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david porcaro, oman, 2009-2010

Fulbright Year: 2009-2010
Country: Oman
Proposal Type: Research
Field of Study: Education
Proposal Title: Linking Omani Higher Education with Workforce Skills through Collaborative E-Learning
UGA Graduate Department: Instructional Technology
Degree: PhD in Instructional Technology
Hometown: Orem, UT

One of the primary challenges David Porcaro faced during his Fulbright year in Oman was introducing the computer as a learning tool to students who weren’t terribly familiar with technology.

“I worked with local educators at Sultan Qaboos University to design a course for pre-service English teachers that incorporated computer-supported collaborative learning,” he says. “In places like Oman, learning is often lecture, memorization and testing. We introduced a course built on collaborative problem-solving using online tools.

“Most of the students in the class had not used a computer extensively before entering the university a few years previously. So after designing the course, I taught it over two semesters and collected data on student and faculty reactions from surveys, interviews, focus groups, and student data. I then used the data to refine the course and make it more locally sustainable.”

A Ph.D. student who has a Bachelor’s Degree in Near Eastern Studies from Brigham Young and a Master’s Degree in Oriental Studies from Cambridge University in England, David was able to take his family to Oman during his Fulbright year, which he says was a personal highlight.

“My wife and two children and I took every opportunity to explore the beautiful country of Oman, and experience life with the Omanis,” he says. “We traveled around the country often and visited people in their homes. Having my family was one of the best parts of my Fulbright experience, since they got to explore life in an entirely new surrounding.

“I have lived abroad with my wife before, even in the Middle East. However, it was fun to discover the differences that exist between cultures, terrain, language, and religion across the Arab world. Most importantly, watching my children learn to navigate life in a place where people speak, act, dress, and eat in an entirely different way was amazing. They have developed a global understanding few their age have.”

David recalls that his encounters with the local citizenry were almost always positive.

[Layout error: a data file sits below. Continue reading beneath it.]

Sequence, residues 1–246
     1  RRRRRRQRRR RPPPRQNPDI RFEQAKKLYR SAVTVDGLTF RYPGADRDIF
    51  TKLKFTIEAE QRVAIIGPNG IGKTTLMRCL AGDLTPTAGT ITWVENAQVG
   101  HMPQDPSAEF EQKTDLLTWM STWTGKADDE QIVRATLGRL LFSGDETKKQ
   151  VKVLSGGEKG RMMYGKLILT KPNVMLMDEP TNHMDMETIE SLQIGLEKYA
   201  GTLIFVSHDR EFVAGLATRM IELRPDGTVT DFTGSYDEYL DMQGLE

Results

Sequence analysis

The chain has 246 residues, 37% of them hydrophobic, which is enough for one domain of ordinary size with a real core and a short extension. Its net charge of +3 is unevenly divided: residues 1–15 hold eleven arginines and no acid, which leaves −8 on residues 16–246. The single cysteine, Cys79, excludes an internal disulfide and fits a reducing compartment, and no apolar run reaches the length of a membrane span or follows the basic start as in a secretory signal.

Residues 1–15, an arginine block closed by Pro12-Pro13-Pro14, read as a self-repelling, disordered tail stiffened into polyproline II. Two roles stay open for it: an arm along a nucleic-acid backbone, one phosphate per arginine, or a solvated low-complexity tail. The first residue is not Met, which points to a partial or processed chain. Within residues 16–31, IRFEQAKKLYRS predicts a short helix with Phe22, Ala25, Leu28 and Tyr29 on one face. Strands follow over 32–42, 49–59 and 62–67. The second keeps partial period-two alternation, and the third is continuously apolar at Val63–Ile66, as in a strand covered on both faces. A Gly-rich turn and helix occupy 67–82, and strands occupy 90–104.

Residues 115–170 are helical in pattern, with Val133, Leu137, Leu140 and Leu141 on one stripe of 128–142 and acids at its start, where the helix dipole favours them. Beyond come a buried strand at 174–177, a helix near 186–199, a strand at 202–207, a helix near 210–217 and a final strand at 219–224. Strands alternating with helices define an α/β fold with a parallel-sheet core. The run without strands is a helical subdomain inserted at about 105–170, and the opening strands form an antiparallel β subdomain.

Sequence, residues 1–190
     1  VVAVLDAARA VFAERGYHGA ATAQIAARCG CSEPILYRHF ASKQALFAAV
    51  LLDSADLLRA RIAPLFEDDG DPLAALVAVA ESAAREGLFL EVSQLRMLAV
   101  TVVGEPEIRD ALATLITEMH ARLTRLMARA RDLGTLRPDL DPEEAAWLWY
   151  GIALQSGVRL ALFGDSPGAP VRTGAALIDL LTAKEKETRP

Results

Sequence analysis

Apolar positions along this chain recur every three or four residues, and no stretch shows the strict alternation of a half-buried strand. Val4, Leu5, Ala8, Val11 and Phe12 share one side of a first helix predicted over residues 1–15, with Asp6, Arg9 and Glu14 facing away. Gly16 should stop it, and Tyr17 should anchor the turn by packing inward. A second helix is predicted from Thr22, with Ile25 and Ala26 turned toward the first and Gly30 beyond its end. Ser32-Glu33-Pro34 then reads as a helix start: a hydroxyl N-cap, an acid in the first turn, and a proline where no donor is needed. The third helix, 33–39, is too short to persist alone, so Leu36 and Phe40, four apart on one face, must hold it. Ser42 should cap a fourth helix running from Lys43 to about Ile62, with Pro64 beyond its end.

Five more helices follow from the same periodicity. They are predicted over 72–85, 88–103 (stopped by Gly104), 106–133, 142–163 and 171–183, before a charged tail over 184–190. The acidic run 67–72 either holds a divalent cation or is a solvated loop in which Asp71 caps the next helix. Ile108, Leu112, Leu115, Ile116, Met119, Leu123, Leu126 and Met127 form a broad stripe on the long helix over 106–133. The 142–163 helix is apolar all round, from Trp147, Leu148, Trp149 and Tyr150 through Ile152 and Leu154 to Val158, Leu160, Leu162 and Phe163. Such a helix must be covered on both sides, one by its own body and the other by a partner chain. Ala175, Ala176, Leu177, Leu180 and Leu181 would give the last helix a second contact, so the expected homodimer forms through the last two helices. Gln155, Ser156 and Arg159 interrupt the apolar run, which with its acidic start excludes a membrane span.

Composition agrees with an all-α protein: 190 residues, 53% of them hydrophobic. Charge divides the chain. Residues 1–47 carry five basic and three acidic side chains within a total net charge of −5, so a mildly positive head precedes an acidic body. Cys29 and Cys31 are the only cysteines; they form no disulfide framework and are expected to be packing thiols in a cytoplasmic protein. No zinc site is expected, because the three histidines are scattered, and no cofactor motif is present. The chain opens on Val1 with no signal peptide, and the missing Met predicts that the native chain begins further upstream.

“The one memory that best sums up my experience there occurred when we went hiking and swimming up a beautiful wadi (canyon), called Wadi Shab, that flowed to the ocean,” he says. “On the way, we met a 16-year old named Sami. He was extremely polite and friendly, and walked with us the whole way, often playing with my 3-year old son. He showed us all the hidden caves and places to explore. When we got back to the mouth of the canyon, he invited us to his small home which overlooked the ocean, where we had a light lunch with him and his family.

“I kept expecting for him to ask for a tip, but it never happened. He simply wanted to share his day with our family. We have stayed in touch, emailing and texting often. When we drove past his house again on another trip, we stopped by and visited with his family. This kind of interaction with Omanis was extremely typical of every trip we made in Oman. During every outing, we met many people who lived humbly and happily in the most breathtaking of locations, and who were only to happy to share what they had with others.”

Exploring student reactions to innovative teaching techniques was at the heart of David’s doctoral research, and he says putting his premises to the test “on the ground” proved to be most enlightening.

“Many of the theories I had explored in the first few years of the Ph.D. program still did not have a real-world grounding,” he says. “Working on the ground long-term to apply these theories was fundamental in helping me to understand, describe, and reshape those theories.

“Undertaking a Fulbright also helped me to solidify my career plans, as it not only opened up the world of international education development to me, (but) I also got the chance to work alongside some researchers who are now my current employers… And on a personal level, after driving in Oman, I will never complain about Atlanta drivers again.”

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